The Circuit

Working Without a Net

Industry is making a valiant effort to convince feds about the need to back up their critical communications systems.

The Information Technology Association of America sent letters last week to congressional leaders asking them to revive legislation that would require the creation of redundant and physically separate communications systems for key federal agencies.

Sept. 11 "demonstrated quite graphically" that having no separate backup system is as bad as having no backup at all, according to ITAA President Harris Miller.

Congress failed to pass legislation requiring backup systems that was proposed last winter by Sens. Ted Stevens (R-Alaska) and Daniel Inouye (D-Hawaii). The Senate passed it, but the House did not.

The ITAA letters asking Congress to pass such legislation before adjourning this year were sent to Sen. Joe Lieberman (D-Conn.), chairman of the Senate Governmental Affairs Committee, and Rep. Ernest Istook (R-Okla.), chairman of the House Appropriations Committee's Treasury, Postal Service and General Government Subcommittee.

Architectures Make Good Neighbors

The National Association of State Chief Information Officers and the Office of Management and Budget have begun examining how the two levels of government can align their approaches to enterprise architectures, with a goal of easier collaboration and data sharing.

As the demand for better information sharing across federal, state and local government boundaries increases, the need for some compatibility among architectures is apparent, so NASCIO and OMB officials are discussing how to bring elements of the state and federal approaches into line, said Gerry Wethington, CIO of Missouri and chairman of NASCIO's Enterprise Architecture Committee.

Various other federal agencies also have expressed interest in working with NASCIO on some of the architectural items, Wethington said. "This isn't just from a homeland security perspective.... There's a recognition it's needed also for more effective electronic government and other things."

Talking the Talk

Municipalities nationwide have many non-English speaking residents, which can make for interesting and even testy situations when local law enforcement officials attempt to communicate with them. Even a routine traffic stop can become more frustrating than normal for both parties when basic commands such as, "License and registration, please" are not understood and obeyed.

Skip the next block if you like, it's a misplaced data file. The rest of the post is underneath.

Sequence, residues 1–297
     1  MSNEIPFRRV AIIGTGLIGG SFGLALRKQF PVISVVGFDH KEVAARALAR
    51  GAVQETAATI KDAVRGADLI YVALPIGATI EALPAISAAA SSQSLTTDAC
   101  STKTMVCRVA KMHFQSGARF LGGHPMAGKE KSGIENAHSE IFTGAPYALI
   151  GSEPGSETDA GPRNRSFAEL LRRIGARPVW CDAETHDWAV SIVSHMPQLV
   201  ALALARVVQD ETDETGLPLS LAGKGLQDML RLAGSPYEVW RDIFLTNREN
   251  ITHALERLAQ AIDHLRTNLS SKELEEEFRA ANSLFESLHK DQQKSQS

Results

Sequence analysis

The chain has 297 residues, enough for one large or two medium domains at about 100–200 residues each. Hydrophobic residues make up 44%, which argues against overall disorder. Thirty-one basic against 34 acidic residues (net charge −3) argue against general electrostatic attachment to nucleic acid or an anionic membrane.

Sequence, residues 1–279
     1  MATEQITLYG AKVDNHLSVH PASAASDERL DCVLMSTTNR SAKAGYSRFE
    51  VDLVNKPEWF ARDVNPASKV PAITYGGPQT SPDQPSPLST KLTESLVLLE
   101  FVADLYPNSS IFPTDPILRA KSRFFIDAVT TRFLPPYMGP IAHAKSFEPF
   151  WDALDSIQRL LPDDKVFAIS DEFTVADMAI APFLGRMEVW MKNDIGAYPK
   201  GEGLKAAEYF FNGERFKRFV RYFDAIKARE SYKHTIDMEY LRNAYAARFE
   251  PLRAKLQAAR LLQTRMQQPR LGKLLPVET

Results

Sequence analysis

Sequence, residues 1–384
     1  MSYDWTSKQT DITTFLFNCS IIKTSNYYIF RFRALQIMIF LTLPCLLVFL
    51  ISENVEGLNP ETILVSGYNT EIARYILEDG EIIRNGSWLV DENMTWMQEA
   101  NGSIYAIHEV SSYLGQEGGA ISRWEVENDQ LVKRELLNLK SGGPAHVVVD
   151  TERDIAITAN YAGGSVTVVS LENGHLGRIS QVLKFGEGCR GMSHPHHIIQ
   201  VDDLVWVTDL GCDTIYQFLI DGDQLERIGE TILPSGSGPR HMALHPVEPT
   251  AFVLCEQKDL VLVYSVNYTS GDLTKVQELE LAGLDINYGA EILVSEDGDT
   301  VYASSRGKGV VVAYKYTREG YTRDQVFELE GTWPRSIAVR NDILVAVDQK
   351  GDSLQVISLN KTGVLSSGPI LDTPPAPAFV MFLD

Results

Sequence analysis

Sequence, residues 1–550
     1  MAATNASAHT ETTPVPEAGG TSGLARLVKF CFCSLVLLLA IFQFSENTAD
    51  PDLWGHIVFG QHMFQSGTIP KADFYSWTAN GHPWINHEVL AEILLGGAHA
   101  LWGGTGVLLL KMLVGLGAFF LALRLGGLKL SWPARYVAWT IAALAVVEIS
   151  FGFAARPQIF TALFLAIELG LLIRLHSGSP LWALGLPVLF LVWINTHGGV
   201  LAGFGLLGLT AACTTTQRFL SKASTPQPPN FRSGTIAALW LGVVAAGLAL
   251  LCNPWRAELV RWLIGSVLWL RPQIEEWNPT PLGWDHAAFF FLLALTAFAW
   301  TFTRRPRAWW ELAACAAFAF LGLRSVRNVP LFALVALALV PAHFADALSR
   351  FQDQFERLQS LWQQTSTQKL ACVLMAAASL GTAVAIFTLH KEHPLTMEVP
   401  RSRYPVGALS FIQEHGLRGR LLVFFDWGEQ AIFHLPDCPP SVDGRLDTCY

With that in mind, the Justice Department's research and development branch is testing speech and language technologies to help state and local law enforcement officers with their daily duties, according to Steven Schuetz, a physical scientist in the Office of Science and Technology at the National Institute of Justice.

Schuetz, speaking last week during a speech and voice technology conference in Washington, D.C., said two language translation tools are currently being field-tested: a speaker-dependent, pocket-sized translator that includes 250 phrases in four languages, and speaker-independent software that can be used for voice recognition and analysis in simulations and gaming scenarios.

Bandwidth Needed

Many American workers would gladly take a smaller paycheck to work at home, telecommuting to the office and avoiding traffic jams that turn the workday into a headache, according to a new survey.

But for that to happen, the federal government must expand broadband availability to deliver faster and better Internet services, according to the National E-Work Survey, conducted by the Positively Broadband Campaign, which is committed to encouraging broadband use for the public and private sectors.

"A significant amount of Americans see clear value in telecommuting if given the option," according to the survey. "They see it as improving their lives, improving the quality of their work, and a significant amount of people are willing to take less salary in order to have the option to telecommute."

So exactly where is the federal government when it comes to encouraging telecommuting? Not too far along, according to its own statistics.

At the end of last year, 4.2 percent of all federal employees — about 70,000 workers — worked at least one day a week from home or at a federally sponsored telecenter. That is nearly double the number that worked from home the year before, according to Stan Kaczmarczyk, director of the General Services Administration's Innovative Workplaces Division.

But policies vary from agency to agency. Some offices pay for a second telephone line. Others do not, according to Kaczmarczyk. Some provide laptops and other equipment, and some do not.

"Congress would like to see more federal workers telecommuting," Kaczmarczyk said.

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